The term document has multiple meanings in ordinary language and in scholarship. WordNet 3.1. lists four meanings (October 2011):
- document, written document, papers (writing that provides information (especially information of an official nature))
- document (anything serving as a representation of a person's thinking by means of symbolic marks)
- document (a written account of ownership or obligation)
- text file, document ((computer science) a computer file that contains text (and possibly formatting instructions) using seven-bit ASCII characters).
In Library and information science and in documentation science, a "document" is considered a basic theoretical construct. It is everything which may be preserved or represented in order to serve as evidence for some purpose. The classical example provided by Suzanne Briet is an antelope: "An antelope running wild on the plains of Africa should not be considered a document, she rules. But if it were to be captured, taken to a zoo and made an object of study, it has been made into a document. It has become physical evidence being used by those who study it. Indeed, scholarly articles written about the antelope are secondary documents, since the antelope itself is the primary document." (Quoted from Buckland, 1998 ). (This view has been seen as an early expression of what now is known as actor–network theory).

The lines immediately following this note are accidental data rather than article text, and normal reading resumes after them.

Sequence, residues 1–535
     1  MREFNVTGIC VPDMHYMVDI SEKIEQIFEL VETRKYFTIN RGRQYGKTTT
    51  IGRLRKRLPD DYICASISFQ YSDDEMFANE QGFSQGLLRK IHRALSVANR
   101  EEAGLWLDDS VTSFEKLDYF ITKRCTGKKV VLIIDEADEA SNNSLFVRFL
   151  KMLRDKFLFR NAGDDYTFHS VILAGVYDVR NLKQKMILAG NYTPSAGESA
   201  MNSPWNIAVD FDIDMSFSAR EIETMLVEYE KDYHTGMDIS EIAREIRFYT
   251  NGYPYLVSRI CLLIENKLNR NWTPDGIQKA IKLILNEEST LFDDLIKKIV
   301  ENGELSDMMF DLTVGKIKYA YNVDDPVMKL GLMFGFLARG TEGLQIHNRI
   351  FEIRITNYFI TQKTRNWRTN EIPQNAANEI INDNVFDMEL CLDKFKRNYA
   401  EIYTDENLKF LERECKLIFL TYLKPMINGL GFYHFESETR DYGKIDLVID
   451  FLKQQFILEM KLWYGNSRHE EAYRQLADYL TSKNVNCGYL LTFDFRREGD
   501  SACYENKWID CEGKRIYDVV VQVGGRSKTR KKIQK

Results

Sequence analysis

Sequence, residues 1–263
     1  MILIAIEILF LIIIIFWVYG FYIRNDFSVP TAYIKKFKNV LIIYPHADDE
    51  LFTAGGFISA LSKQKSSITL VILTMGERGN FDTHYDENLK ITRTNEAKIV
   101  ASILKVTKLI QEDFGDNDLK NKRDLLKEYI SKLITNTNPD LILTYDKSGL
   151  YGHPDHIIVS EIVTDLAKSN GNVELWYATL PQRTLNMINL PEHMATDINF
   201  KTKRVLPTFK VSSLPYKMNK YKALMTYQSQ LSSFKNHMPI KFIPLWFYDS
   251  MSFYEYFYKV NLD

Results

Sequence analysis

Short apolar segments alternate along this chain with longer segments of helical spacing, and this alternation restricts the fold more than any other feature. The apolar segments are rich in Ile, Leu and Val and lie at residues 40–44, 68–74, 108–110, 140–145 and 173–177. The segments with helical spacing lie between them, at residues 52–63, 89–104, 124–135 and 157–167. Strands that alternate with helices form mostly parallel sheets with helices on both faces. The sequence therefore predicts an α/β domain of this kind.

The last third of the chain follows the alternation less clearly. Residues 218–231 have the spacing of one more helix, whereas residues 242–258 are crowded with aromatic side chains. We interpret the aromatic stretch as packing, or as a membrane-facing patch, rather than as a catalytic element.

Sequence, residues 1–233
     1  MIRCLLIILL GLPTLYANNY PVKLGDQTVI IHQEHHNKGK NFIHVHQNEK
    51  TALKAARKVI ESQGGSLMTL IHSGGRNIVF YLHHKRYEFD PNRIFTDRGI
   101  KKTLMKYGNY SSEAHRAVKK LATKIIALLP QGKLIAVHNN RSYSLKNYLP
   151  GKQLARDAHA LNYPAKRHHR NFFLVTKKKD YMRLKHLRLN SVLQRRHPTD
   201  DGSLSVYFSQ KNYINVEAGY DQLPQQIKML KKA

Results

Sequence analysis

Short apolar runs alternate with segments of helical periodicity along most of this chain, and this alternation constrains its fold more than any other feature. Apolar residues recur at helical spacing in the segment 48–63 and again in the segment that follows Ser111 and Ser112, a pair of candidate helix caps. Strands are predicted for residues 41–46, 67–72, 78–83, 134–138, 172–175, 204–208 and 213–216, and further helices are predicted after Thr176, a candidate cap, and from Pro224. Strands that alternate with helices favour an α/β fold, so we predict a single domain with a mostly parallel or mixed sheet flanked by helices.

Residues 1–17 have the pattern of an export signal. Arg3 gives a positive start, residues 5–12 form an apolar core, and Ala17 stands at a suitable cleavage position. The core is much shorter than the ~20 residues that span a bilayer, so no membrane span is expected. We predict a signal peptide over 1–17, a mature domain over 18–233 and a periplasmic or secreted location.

That documents cannot be defined by their transmission medium (such as paper) is evident because of the existence of electronic documents.
Famous quotes containing the word document:
“... research is never completed ... Around the corner lurks another possibility of interview, another book to read, a courthouse to explore, a document to verify.”
—Catherine Drinker Bowen (18971973)
“What is a diary as a rule? A document useful to the person who keeps it, dull to the contempory who reads it, invaluable to the student, centuries afterwards, who treasures it!”
—Ellen Terry (18481928)